In other words, I think it shows a lack of conviction in the gold bull, which may in hindsight be just the buy signal the market needed. Whatever I believe, the fact is that what is giving gold trouble now is the dollar's resilience and threat to reverse a downtrend. I think it's a veiled threat similar to the hawkish one by the Fed; but we have to monitor its trade here for a sign that the bulls are failing to reverse it. Gold should feed off any signs of that.

POG: Delayed Reaction, or Bearish Sign?

One of the main factors contributing to the dollar's strength is the weaker gold price itself.

But this week's news has all been good for gold. Despite reports of a decline in China's trade surplus with the world, the US trade account worsened further into March - indicating ongoing price pressures in the US economy. The weekly monetary figures issued by the Fed show money supply growing briskly again after taking a time out in the fourth quarter of 2003. The soaring oil and gas complex is making headlines. We also heard this week that consumers spent less of their shrinking disposable incomes in April after splurging in March. Both stock and bond prices continued to sink. New tensions on the geopolitical scene began to flare over controversial public footage - first of the way US authorities treated their POW's, then over the even more horrid methods of the enemy in its treatment of a hostage. The United States announced export sanctions on Syria. After trending down for about a year while Bugos has been jumping up and down about inflation the whole time the government this week finally confessed to a higher year over year growth rate in prices for April at all levels.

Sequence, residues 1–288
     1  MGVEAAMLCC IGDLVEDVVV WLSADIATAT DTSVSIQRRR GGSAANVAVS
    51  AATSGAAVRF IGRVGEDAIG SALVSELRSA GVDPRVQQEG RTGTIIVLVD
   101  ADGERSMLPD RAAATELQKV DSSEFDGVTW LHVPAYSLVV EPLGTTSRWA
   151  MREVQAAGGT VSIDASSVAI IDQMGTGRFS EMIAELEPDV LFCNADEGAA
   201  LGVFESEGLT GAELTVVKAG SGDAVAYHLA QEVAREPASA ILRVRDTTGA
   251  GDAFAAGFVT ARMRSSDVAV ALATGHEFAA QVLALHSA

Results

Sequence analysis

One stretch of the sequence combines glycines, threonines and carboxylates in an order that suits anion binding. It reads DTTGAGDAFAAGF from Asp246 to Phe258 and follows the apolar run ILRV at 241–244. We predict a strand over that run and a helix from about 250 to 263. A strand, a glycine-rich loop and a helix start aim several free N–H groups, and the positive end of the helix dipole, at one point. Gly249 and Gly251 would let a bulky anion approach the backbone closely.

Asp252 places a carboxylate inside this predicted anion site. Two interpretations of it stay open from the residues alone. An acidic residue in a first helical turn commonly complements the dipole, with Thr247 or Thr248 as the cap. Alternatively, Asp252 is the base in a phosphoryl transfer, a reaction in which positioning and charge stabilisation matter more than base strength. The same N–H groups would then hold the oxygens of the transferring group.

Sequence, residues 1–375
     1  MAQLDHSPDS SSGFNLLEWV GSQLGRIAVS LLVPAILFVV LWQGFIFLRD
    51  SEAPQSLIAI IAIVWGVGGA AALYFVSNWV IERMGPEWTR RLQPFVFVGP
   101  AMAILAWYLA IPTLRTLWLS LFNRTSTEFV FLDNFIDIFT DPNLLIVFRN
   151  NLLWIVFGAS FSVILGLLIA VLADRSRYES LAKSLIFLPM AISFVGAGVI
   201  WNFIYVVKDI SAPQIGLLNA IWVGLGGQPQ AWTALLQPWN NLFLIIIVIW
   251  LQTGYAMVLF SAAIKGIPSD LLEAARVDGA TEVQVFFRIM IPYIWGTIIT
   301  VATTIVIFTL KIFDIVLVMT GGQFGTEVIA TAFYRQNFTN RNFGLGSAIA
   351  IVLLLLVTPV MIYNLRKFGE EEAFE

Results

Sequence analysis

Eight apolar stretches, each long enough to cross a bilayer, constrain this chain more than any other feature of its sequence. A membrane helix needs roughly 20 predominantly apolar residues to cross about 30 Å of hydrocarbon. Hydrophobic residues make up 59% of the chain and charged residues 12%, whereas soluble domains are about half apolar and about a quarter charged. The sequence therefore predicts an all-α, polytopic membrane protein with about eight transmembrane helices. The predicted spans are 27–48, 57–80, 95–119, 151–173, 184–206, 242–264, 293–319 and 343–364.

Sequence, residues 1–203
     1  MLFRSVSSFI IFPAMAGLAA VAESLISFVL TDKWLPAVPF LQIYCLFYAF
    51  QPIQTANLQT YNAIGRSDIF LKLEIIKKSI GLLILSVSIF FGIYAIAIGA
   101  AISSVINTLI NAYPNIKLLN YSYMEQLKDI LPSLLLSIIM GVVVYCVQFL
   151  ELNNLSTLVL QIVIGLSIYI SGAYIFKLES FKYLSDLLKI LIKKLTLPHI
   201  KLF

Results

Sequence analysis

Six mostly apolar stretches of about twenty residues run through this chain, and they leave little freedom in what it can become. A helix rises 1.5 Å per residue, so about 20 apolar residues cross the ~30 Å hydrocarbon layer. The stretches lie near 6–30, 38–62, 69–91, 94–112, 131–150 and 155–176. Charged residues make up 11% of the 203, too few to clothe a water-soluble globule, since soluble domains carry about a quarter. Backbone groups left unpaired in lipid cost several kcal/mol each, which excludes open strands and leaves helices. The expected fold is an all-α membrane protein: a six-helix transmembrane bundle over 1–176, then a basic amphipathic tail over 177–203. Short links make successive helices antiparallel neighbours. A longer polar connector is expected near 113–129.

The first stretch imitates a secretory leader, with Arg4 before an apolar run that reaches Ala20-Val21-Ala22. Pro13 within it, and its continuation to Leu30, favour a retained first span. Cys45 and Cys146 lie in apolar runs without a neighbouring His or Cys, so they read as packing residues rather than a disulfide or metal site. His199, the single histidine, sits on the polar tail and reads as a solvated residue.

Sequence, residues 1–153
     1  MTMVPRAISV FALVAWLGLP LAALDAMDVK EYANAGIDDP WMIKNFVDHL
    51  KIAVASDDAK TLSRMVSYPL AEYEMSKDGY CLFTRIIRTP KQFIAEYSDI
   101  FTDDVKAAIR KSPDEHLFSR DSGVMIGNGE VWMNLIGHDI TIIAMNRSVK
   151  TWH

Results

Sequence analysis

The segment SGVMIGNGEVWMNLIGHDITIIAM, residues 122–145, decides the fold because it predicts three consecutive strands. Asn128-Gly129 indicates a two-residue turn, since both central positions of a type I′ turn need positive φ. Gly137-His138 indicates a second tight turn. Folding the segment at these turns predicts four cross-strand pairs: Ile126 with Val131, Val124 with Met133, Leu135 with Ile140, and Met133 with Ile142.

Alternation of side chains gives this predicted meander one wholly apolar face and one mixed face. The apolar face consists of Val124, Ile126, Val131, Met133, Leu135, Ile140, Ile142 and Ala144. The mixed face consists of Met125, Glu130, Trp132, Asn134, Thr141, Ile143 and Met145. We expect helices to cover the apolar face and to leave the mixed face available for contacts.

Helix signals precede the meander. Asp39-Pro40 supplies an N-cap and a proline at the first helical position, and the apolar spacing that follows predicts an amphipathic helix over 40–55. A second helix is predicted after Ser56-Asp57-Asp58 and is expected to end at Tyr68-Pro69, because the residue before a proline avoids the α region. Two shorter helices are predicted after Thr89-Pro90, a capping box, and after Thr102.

The PPI finished goods number grew an annualized 8 percent in April and 3.7% year over year following on sharp increases in the crude component of this index - some of which are probably still going to be coming through (building up if you will). The US April CPI figure, released Friday morning, allegedly grew at a more modest annualized 2.6% clip, but the trends are up; moreover, the core rate surprised analysts by outpacing the headline figure (all items grew 0.2% in April, core grew 0.3%) also because the increase in gas prices apparently hasn't come though yet. The gap between 10 year Tnote yields and the equivalent inflation indexed security yield has so far outpaced the increase in the 10 year Tnote this week - reflecting an increased consciousness about the reality of inflation even before the price data.